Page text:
Sunday Sound: Heard on 'This Week'

PHOTO: Treasury secretary Timothy Geithner is interviewed on "This Week."

Below are some of the notable comments made Sunday on "This Week with George Stephanopoulos."

Treasury Secretary Timothy Geithner

The Economy and Job Creation Confidence

1) GEITHNER: Well, it's obviously still a very tough economy out there. And I think it's not surprising, given the scale of the damage the crisis caused and how much damage you still see out there. But if you look at the evidence, the economy is getting stronger. We have a ways to go still, a lot of challenges still ahead. But the broad indicators are pretty encouraging. They show an economy still growing. We'd like it to be stronger and we've got a lot of work to do. But it's getting better.

2) STEPHANOPOULOS: So, but does that mean you're not confident that we're going to keep creating jobs this year?

GEITHNER: No. I would say that, you know, the economy, again, is gradually getting stronger. And [we] have more people going back to work and those are sort of good, encouraging signs. Obviously, we've got a lot of challenges ahead and some risks and uncertainty ahead. And some of those risks are, of course, Europe is still going through a -- a difficult crisis. And Iran and oil still pose some risks to us. But the available evidence is still, I think, pretty encouraging.

3) GEITHNER: Well, you know, again, unemployment is still very high. And until that comes down, income growth is going to be very -- very soft, very weak. That's the tragic legacy of a crisis this bad. But, again, if you look at broad measures of the basic resilience and dynamism of the economy, they're -- they're pretty encouraging. We've got to work to reinforce them.

4) STEPHANOPOULOS: But last month's job report was much weaker than people had hoped for. Only about 121,000 jobs created. And the weekly unemployment claims took a big jump last week. Are we seeing the pattern of the past couple of years repeated, a strong start to the year but then a stall-out in the spring?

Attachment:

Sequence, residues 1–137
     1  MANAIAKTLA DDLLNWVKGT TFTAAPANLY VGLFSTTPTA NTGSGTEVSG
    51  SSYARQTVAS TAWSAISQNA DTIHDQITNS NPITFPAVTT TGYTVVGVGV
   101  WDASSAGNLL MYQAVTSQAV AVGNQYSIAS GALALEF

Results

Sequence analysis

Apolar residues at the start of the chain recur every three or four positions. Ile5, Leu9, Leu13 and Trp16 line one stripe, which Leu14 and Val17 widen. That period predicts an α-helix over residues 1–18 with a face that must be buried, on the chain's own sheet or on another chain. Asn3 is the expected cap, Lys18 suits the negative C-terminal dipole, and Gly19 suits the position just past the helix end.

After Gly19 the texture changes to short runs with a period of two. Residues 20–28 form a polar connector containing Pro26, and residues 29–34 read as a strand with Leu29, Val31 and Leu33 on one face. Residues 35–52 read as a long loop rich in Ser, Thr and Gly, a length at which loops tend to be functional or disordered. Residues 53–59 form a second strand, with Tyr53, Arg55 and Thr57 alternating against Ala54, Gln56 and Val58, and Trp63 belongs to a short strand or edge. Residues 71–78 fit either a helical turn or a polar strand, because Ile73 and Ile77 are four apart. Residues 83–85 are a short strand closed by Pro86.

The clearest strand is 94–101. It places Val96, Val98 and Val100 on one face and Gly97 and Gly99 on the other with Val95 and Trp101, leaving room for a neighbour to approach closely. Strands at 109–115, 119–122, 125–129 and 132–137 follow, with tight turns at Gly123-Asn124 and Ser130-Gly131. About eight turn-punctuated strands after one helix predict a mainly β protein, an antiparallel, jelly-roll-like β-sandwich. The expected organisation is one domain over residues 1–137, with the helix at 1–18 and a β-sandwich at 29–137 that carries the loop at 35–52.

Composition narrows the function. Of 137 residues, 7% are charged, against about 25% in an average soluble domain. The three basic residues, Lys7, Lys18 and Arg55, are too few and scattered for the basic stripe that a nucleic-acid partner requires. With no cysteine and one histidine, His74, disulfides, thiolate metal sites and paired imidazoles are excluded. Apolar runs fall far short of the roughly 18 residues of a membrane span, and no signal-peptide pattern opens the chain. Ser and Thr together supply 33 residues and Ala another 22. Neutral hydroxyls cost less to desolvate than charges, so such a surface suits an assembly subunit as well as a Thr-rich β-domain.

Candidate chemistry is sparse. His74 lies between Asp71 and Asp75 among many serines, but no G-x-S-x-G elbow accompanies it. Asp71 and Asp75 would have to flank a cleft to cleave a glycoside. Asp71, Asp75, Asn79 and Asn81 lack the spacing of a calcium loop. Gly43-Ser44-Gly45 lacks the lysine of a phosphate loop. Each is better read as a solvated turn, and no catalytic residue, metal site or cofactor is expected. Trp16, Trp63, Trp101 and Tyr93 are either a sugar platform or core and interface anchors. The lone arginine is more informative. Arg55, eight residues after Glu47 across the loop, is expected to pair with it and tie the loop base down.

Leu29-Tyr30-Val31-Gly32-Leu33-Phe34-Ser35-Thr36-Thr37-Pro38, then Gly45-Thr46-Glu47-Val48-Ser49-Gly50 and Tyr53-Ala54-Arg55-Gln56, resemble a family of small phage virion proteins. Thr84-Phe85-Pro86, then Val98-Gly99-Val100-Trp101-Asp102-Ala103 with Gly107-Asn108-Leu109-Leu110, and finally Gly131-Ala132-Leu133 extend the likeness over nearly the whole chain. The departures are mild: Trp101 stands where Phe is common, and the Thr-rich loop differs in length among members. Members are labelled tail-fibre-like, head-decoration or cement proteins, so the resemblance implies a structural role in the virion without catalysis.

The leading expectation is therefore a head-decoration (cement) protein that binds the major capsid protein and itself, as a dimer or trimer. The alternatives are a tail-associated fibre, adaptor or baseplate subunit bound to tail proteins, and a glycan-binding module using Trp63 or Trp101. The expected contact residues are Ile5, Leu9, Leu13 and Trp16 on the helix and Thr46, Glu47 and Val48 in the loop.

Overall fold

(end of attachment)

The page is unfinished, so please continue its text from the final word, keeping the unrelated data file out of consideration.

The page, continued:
GEITHNER: We can't tell yet. But if you look back at what happened in 2010 and 2011, you're right that you saw some early strength in the beginning of the year. But then what happened was, the crisis in Europe in 2010 and 2011 and then the crisis in Japan and then the oil shock caused growth to slow. And then in '11, it was made worse by the -- by all the political drama around the debt limit, which was very damaging to confidence.

Geithner Reacts to Romney's Claims that the Obama Administration's Policies Hurt Women and Caused Major Job Losses for Them

5) GEITHNER: It's a -- it's a ridiculous way to look at the problem. And this is a political moment and you're going to be seeing -- just to borrow a line from Mario Cuomo -- you're going to see a lot of politicians choose to campaign in fiction. But we have to govern in fact. And this crisis was a very damaging crisis, hurt everybody. And it began in, as you know, in early 2008. And a lot of the early job losses in 2008 affected men, because they affected construction and manufacturing. And as the crisis spread and state and local governments were forced to cut back on services and fire a lot of teachers, that caused a lot of damage to women, too.

6) STEPHANOPOULOS: But you completely reject his argument?

GEITHNER: Oh, it's a ridiculous argument. Ridiculous. It's been largely debunked this week by the people who have looked at it.

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